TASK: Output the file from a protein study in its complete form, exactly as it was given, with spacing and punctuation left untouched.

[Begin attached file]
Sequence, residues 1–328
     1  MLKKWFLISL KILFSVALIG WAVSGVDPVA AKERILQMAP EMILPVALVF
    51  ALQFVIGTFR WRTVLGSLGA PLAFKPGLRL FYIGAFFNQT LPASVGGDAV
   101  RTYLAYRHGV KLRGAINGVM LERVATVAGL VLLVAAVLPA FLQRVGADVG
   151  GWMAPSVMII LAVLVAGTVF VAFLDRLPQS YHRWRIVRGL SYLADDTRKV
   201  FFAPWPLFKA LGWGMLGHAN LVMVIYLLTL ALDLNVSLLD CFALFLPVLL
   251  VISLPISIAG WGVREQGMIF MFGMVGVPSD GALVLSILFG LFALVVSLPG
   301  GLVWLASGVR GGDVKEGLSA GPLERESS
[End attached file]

Sequence, residues 1–328
     1  MLKKWFLISL KILFSVALIG WAVSGVDPVA AKERILQMAP EMILPVALVF
    51  ALQFVIGTFR WRTVLGSLGA PLAFKPGLRL FYIGAFFNQT LPASVGGDAV
   101  RTYLAYRHGV KLRGAINGVM LERVATVAGL VLLVAAVLPA FLQRVGADVG
   151  GWMAPSVMII LAVLVAGTVF VAFLDRLPQS YHRWRIVRGL SYLADDTRKV
   201  FFAPWPLFKA LGWGMLGHAN LVMVIYLLTL ALDLNVSLLD CFALFLPVLL
   251  VISLPISIAG WGVREQGMIF MFGMVGVPSD GALVLSILFG LFALVVSLPG
   301  GLVWLASGVR GGDVKEGLSA GPLERESS